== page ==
Thai anti-government protesters began mobilising in Bangkok Sunday, a day ahead of their planned “shutdown” of the capital as they step up efforts to topple the government and halt upcoming elections. The politically-turbulent country has been shaken by weeks of opposition rallies against Prime Minister Yingluck Shinawatra and her divisive former premier brother Thaksin, which have caused the government to call snap February 2 polls.
Demonstrators, who have vowed to disrupt the vote, began packing possessions and equipment at their main Bangkok rally site as they prepared to fan out to seven locations across the city Monday in an attempt to choke off transport into the capital. “We hope everything will change in a good way tomorrow. The change we want to see is for this government to stop being corrupt or they should resign,” said Komol, a protester at the site who gave only one name.
The protesters want an appointed “people’s council” to run the country and oversee vaguely defined electoral reforms before new elections are held in around a year to 18 months. It is the latest chapter in a saga of political instability and occasional unrest that has gripped Thailand since Thaksin was ousted from power by royalist generals seven years ago. The billionaire tycoon-turned-politician, who lives abroad to avoid a jail term for corruption, has large electoral support particularly in his northern Thai heartlands where he is adored for a swathe of popular policies implemented by his and subsequent allied governments.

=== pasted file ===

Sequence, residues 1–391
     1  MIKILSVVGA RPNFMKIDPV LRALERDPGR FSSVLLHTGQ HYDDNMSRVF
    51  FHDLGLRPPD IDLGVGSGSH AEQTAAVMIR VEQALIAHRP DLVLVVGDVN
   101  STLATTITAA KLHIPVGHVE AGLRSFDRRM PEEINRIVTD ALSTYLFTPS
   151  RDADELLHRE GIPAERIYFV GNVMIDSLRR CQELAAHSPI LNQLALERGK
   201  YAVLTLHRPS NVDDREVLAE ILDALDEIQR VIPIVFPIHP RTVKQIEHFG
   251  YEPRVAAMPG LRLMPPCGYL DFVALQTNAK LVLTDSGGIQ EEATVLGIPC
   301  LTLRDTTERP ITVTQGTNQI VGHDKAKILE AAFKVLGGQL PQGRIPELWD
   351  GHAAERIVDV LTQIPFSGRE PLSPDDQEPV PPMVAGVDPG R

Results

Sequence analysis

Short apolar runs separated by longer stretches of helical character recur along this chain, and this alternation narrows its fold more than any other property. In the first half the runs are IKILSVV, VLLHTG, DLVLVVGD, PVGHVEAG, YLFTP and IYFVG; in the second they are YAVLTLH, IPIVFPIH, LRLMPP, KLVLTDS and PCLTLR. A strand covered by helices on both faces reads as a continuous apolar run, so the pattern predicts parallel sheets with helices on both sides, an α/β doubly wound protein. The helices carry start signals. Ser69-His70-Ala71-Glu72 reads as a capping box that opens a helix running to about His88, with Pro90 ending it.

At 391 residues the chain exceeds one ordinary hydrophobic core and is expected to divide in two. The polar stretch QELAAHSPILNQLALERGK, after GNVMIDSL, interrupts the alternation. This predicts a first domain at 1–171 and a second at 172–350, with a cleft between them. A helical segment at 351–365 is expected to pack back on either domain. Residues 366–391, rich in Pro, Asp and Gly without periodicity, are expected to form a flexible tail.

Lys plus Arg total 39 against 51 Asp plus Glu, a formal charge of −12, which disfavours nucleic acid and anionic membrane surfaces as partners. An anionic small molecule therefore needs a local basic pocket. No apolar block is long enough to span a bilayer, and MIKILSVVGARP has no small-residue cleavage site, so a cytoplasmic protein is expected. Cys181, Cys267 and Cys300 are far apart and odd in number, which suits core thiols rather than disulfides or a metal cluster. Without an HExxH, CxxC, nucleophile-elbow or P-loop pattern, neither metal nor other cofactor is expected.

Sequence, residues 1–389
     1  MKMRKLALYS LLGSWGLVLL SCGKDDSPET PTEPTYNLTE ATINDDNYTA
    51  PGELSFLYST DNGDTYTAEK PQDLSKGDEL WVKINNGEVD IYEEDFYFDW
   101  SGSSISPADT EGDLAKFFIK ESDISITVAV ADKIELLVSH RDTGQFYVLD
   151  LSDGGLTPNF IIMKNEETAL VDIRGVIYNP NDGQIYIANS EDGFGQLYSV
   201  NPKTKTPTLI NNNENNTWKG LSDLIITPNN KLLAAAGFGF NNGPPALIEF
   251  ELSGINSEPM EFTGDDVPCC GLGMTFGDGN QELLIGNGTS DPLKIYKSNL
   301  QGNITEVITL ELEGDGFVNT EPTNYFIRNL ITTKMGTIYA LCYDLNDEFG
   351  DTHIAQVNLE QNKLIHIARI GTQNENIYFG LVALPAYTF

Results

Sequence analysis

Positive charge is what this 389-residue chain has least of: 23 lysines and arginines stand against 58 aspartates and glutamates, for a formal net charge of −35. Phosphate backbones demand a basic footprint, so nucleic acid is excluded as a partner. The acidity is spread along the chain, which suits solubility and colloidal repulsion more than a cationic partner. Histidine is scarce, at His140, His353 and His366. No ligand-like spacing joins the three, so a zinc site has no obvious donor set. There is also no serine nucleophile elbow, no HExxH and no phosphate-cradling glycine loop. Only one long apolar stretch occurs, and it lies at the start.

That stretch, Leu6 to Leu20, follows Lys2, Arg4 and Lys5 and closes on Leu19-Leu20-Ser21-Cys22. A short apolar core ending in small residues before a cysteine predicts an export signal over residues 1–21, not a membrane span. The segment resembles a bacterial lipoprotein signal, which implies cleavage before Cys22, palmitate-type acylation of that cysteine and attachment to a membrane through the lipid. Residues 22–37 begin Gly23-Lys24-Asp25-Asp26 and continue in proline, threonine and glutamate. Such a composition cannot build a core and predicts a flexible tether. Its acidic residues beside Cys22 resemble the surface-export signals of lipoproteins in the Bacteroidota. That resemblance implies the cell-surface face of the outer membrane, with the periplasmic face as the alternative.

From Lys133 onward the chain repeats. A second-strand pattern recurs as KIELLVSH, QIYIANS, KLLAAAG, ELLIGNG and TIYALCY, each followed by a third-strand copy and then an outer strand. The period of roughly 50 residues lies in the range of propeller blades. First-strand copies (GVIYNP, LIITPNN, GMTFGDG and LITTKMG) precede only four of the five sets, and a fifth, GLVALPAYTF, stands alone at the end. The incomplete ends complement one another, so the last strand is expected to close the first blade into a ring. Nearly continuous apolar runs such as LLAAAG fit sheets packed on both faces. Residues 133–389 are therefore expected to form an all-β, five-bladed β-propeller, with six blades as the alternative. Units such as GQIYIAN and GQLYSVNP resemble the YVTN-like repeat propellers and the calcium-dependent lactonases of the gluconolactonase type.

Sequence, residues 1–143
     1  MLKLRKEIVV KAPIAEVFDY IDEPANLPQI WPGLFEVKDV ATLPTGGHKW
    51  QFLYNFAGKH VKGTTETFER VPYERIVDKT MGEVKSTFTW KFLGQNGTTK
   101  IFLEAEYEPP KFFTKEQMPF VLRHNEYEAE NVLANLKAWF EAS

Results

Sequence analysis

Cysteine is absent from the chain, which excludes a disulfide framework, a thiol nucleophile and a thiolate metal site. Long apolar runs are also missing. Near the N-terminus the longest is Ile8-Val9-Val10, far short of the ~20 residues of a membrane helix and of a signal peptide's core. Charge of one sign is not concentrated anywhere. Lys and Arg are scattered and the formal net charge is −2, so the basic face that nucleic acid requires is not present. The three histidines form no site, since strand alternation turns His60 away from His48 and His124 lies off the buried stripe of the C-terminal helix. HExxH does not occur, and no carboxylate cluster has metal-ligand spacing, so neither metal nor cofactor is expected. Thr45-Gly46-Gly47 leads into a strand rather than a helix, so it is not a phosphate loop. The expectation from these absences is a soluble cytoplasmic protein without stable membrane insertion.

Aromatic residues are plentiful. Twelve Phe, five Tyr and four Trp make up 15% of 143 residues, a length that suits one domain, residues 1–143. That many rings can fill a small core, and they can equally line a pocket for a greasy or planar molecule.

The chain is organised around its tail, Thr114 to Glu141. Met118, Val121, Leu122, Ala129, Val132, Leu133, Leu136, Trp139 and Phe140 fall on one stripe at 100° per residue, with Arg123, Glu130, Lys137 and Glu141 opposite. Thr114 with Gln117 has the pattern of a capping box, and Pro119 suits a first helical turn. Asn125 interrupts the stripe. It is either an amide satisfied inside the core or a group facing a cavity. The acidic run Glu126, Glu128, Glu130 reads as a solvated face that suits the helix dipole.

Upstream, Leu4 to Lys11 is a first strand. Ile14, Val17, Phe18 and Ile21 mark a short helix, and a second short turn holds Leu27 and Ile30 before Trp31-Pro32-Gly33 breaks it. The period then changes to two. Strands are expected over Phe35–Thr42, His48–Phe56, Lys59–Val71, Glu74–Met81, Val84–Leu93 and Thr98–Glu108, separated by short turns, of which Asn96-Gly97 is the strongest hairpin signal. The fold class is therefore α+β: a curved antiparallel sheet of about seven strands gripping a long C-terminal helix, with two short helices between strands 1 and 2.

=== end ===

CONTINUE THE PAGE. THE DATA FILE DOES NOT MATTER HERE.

But he is detested among the country’s elites and by many in the Bangkok middle class and Thai south, who see him as authoritarian and accuse him of buying votes. Protest leader Suthep Thaugsuban, a former MP for the opposition Democrat party that is boycotting the elections, has said he expects a large turnout for the latest demonstration. “There will be huge numbers of people from every province joining the shutdown Bangkok mission on Monday 13,” he told a rally late Saturday.
The demonstrators say they will block major intersections, stop officials going to work and cut off power to key state offices. Schools will close because of fears for students’ safety, while the US embassy has advised stockpiling a two weeks’ supply of food, water and medicine. The authorities say they are ready to declare a state of emergency if there is fresh unrest, and roughly 20,000 police and soldiers will be deployed for security.